“Sewing with fur…I’d like to think of it as the very first art form that there ever was, because it was so useful and people have been sewing garments made out of fur since they first lived in the Arctic, in the north. Hunting, gathering and sewing fur were what sustained people for centuries,” she said.

Preto likes the cuffs that close and the really high neck shield. The traditional design of the scoop in the back and the front allows for easy walking, climbing and sitting on a snowmobile. The shoulder design allows for easy movement of arms to “lift firewood” or do other work. The vent flap in the back takes into account the need to be warm when riding on a snowmobile and the need to cool off when working.

“A lot of these traditional elements just still work today because they’re just so clever and people living in the north would be the ones that know what works and what doesn’t work,” she said.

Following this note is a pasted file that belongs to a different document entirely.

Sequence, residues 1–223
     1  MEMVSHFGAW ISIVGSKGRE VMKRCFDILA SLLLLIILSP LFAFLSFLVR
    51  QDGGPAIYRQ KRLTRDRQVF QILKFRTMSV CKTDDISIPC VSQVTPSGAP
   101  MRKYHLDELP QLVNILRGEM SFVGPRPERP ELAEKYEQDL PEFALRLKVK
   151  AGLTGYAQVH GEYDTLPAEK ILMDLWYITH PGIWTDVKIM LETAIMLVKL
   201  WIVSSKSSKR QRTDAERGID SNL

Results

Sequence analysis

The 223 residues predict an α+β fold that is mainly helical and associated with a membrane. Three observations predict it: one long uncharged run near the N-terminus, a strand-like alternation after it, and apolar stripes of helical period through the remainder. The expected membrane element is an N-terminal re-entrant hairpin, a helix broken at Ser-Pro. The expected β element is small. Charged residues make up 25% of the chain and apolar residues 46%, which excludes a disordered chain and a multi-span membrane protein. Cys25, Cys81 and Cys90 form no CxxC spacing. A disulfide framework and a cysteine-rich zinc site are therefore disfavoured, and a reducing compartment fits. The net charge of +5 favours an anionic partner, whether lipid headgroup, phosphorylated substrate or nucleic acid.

Two suggestions Preto offered for the design are a zipper flap to prevent the wind from blowing through the zipper and wrapping the fur from the hood all around the face. When fanned out around your face, she says, the fur serves as a wind disruptor, creating a vacuum and preventing the wind from blasting into the face.

Parra envisions the jacket being used by hunters and trappers in wintertime.

However, something new like this may take a bit of time to catch on, says Preto, a hunter and a trapper herself.

“Generally being the bush, we really like old, low-tech things just because things can break down and it gets a lot riskier,” she said. “I am leery of new technology for serious country stuff.”

Preto said other students had other ideas, such as developing a trailer to be used both in the summer behind a quad and in winter behind a snowmobile. There was also talk about developing a silicone sole for mukluks.